New data on the world’s biggest developers of coal-fired power plants paints a very different picture: Chinese corporations are building or planning to build more than 700 new coal plants at home and around the world. Overall, 1,600 coal plants are planned or under construction in 62 countries, according to Urgewald’s tally, which uses data from the Global Coal Plant Tracker portal. The new plants would expand the world’s coal-fired power capacity by 43 percent. The fleet of new coal plants would make it virtually impossible to meet the goals set in the Paris climate accord. –Hiroko Tabuchi, The New York Times, 1 July 2017
The world’s biggest coal users — China, the United States and India — have boosted coal mining in 2017, in an abrupt departure from last year’s record global decline for the heavily polluting fuel and a setback to efforts to rein in climate change emissions. Mining data reviewed by The Associated Press show that production through May is up by at least 121 million tons, or 6 per cent, for the three countries compared to the same period last year. The change is most dramatic in the U.S., where coal mining rose 19 per cent in the first five months of the year, according to U.S. Department of Energy data. —Associated Press, 26 June 2017
A coalition of OPEC members and other petrostates agreed to reduce its collective production by 1.8 million barrels per day through next March, but surging North American crude production is threatening to effectively cancel out those cuts. As the FT reports, oil output in Canada’s oil sands is set to jump as projects funded well before the decline in crude prices come online over the next year and half. Combined, Canadian and U.S. oil production is set to grow more than a million barrels per day next year, as compared to where these North American countries were when the petrostate cuts first went into place. That nullifies more than half of that petrostate production draw down. This all adds up to a truth that the oil historian Daniel Yergin hit on last year: “the era of Opec as a decisive force in the world economy is over.” —The American Interest, 2 July 2017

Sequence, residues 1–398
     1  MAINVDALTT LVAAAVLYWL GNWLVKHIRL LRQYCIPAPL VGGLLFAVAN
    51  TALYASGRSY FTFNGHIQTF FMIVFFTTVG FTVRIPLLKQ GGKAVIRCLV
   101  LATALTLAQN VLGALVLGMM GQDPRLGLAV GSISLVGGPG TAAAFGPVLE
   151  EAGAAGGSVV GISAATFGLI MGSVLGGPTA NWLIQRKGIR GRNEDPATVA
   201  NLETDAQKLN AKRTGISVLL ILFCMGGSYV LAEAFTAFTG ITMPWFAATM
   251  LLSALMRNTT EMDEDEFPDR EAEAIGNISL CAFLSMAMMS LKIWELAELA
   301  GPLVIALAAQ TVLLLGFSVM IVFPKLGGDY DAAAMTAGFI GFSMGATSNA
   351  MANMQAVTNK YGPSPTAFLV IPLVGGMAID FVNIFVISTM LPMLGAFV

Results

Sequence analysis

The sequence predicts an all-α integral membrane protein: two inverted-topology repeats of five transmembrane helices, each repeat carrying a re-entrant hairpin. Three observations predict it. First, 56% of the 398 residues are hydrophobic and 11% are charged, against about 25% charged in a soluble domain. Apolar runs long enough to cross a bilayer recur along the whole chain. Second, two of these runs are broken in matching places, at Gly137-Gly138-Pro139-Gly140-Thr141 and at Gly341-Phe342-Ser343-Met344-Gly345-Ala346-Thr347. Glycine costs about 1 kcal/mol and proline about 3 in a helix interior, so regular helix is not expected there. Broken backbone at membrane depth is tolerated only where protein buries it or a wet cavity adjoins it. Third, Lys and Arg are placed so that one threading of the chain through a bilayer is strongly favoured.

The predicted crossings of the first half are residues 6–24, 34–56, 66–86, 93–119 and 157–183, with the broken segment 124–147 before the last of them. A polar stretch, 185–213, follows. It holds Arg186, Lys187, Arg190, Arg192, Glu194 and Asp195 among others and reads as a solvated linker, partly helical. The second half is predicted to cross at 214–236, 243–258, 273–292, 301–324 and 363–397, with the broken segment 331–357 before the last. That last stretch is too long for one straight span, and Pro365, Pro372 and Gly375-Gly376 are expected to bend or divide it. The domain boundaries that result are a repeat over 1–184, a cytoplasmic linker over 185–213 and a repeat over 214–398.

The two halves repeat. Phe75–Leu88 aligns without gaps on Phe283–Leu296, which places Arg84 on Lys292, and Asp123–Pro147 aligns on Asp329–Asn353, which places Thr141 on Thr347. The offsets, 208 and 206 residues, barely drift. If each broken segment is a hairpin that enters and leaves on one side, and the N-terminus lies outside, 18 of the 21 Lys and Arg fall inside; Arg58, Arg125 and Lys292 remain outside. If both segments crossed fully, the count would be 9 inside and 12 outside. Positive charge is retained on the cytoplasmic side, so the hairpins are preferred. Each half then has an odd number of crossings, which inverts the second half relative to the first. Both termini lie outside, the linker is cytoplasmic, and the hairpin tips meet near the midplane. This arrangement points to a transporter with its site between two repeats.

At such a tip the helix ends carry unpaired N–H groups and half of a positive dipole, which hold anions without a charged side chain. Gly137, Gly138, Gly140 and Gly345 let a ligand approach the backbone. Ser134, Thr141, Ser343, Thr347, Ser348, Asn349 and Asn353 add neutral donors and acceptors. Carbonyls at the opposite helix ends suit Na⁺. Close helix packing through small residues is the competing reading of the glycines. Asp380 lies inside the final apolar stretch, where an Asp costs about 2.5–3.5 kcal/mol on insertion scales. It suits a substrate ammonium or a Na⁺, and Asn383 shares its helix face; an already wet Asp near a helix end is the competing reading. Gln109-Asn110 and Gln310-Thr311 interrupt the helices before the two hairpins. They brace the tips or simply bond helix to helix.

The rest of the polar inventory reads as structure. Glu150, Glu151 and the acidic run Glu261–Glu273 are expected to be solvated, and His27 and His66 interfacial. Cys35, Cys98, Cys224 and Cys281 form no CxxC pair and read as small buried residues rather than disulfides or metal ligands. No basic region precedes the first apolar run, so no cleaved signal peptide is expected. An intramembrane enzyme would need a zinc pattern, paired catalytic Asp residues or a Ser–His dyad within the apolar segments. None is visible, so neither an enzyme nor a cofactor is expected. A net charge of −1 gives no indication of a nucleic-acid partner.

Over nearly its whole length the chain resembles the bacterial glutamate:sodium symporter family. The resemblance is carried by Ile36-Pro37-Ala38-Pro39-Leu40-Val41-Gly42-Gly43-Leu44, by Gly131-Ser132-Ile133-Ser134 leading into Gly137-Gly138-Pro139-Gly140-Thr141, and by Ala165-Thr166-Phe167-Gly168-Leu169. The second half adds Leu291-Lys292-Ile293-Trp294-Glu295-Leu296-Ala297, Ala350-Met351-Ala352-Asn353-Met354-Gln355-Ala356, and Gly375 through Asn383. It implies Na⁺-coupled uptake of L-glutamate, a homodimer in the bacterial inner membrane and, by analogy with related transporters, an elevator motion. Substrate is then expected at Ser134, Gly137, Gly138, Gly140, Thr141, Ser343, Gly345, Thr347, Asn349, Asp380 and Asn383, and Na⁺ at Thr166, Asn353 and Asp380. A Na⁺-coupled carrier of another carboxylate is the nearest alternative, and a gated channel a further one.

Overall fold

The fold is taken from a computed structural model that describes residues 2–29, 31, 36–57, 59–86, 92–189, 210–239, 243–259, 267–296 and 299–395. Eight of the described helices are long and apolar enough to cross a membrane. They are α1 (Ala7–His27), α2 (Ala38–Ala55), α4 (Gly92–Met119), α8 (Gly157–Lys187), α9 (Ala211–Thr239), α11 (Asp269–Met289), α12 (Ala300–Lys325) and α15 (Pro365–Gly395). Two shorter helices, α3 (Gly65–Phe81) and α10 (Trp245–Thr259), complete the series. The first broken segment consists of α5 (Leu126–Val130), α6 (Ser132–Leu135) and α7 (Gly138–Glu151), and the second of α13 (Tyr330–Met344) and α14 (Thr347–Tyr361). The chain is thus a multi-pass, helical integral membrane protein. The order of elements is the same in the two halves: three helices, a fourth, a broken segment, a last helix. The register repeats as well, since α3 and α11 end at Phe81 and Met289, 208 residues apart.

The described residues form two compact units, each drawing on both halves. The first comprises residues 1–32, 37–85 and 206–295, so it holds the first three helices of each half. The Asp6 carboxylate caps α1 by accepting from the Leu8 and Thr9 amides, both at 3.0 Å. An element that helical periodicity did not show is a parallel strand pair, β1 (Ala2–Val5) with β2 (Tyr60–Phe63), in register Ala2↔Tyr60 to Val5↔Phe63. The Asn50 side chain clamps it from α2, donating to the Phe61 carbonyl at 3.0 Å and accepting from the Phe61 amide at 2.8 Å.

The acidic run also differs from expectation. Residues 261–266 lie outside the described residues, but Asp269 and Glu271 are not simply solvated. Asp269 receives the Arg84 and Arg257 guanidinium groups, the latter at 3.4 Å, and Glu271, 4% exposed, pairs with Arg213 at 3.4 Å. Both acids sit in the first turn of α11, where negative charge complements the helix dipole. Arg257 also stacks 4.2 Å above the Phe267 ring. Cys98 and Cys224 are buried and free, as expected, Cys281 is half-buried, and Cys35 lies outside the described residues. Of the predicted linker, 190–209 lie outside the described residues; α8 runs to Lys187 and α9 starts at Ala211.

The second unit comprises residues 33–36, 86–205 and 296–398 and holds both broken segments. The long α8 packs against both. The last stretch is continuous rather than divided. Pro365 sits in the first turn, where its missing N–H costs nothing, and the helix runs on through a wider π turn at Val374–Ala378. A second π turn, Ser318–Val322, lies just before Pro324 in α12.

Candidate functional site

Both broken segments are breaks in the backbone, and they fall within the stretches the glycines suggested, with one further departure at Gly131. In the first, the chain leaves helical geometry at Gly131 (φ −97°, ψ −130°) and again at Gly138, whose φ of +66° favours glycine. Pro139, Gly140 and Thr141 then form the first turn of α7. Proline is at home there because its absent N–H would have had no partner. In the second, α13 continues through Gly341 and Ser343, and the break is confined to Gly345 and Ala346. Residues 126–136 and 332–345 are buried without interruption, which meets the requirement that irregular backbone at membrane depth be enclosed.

Solar panels create 300 times more toxic waste per unit of electricity generated than nuclear power plants, according to a Thursday report from the pro-nuclear group Environmental Progress (EP). The report found that solar panels use heavy metals, including lead, chromium and cadmium, which can harm the environment. The hazards of nuclear waste are well known and can be planned for, but very little has been done to mitigate solar waste issues. Terry said that waste from solar panels will quickly become a far bigger problem than nuclear waste, because power grids need dramatically more solar panels to generate the same amount of electricity as a nuclear reactor. –Andrew Follett, Daily Caller, 1 July 2017
Solar, wind and electric vehicles are now said to have such momentum that they are going to cause a peak in oil demand within as little as five years, according to the most optimistic projections. Costs have come down to the point where the Financial Times published an article titled, “The Big Green Bang: How renewable energy became unstoppable.” Unfortunately, reality is the wicked witch and the flying monkeys are starting to descend. In case after case, where subsidies or support is removed, sales suffer. New European solar installations dropped by one-third in 2016 as several countries reduced high prices for purchased power. An end to heavy subsidies and mandates might not cause the near-disappearance of these industries as in the past, but some serious retrenchment is a real possibility and it’s puzzling that so many are treating that as impossible. –Michael Lynch, Forbes, 29 June 2017
The contract for the proposed Hinkley Point nuclear power station is so heavily loaded with penalties that the UK government is unlikely to cancel. Rising costs and other project risks, on the other hand, mean that EdF is in no hurry to build it. This results in a stagnant uncertainty that further clouds prospects for what would otherwise be the technology of choice, Combined Cycle Gas Turbines, and even for renewables. –John Constable, GWPF Energy, 27 June 2017
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